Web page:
Massey Energy CEO Don Blankenship and other Massey executives just finished having their quarterly conference call with financial analysts about the company’s quarterly earnings report, released yesterday evening.
As I reported in today’s Gazette, that quarterly report had this to say about the financial impact on Massey from the disaster:
Financial results for the second quarter 2010 will include a charge related to the tragic accident at the Upper Big Branch mine. While Massey anticipates further analysis will be required, the Company estimates the range of loss to be $80 million to $150 million for charges related to the benefits being provided to the families of the fallen miners, costs associated with the rescue and recovery efforts, insurance deductibles, possible legal and other contingencies. In addition, the full book value of equipment, mine and longwall panel development and mineral rights at the mine potentially impacted by the disaster is approximately $62 million. Massey will assess these assets for possible impairment once full access to the mine is restored but it does expect to recover much of the equipment.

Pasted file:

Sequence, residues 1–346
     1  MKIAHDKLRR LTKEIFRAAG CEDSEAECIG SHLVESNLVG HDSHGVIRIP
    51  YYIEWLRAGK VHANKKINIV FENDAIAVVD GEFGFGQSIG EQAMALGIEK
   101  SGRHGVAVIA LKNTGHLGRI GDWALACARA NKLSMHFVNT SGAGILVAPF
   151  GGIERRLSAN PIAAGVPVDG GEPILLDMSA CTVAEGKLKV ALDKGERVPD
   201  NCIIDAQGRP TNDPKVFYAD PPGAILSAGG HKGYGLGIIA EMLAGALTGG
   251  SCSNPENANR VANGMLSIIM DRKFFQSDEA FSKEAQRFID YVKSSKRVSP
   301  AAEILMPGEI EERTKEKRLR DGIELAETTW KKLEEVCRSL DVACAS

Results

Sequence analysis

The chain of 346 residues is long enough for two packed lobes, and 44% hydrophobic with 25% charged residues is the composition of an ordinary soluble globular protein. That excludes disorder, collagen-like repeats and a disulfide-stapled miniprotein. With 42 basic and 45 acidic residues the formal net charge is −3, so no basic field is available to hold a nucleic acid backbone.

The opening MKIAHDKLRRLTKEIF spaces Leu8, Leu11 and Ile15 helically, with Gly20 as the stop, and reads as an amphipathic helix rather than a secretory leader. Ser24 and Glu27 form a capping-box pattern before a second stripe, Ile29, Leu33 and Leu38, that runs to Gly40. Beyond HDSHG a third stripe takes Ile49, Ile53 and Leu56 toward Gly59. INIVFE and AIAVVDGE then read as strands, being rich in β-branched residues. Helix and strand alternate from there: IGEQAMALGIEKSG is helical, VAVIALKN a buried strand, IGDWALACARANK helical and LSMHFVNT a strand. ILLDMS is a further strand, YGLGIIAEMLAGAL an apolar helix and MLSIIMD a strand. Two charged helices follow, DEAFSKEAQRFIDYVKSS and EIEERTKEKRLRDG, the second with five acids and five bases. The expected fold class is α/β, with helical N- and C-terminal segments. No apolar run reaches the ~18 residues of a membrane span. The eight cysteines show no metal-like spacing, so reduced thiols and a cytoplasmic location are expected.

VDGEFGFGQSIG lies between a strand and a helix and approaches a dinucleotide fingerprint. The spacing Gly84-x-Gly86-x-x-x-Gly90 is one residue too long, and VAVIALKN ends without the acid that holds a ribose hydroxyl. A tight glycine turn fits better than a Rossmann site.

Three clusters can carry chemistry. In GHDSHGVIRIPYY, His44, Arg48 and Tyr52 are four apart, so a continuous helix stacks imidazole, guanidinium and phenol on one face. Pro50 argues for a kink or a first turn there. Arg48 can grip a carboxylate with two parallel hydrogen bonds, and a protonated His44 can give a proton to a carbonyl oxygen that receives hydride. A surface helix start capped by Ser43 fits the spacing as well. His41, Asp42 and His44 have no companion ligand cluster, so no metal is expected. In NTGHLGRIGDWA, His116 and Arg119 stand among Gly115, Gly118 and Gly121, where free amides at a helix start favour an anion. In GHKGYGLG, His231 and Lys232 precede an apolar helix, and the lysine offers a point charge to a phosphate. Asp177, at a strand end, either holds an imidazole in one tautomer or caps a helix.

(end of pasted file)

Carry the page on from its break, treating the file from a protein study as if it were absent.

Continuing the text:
And in today’s call, several analysts asked Blankenship about what may have caused the horrible explosion that killed 29 Upper Big Branch Miners … Here’s a bit of one such exchange:
Wayne Cooperman, Colbalt Capital:
Do you guys think something actually happened to cause this or was this just sort of a natural occurring phenomenon?
Obviously, I don’t want to speculate, but either something went wrong from a natural/unnatural manner that was not foreseeable by us or human beings or somebody made a mistake or something. We don’t know.
Later, Blankenship also said:
It’s not due to us not being focused on safety, not having a strong safety culture, not putting safety first.
Some of the implications have been that we don’t focus on safety or we put dollars in front of safety and nothing could be further from the truth.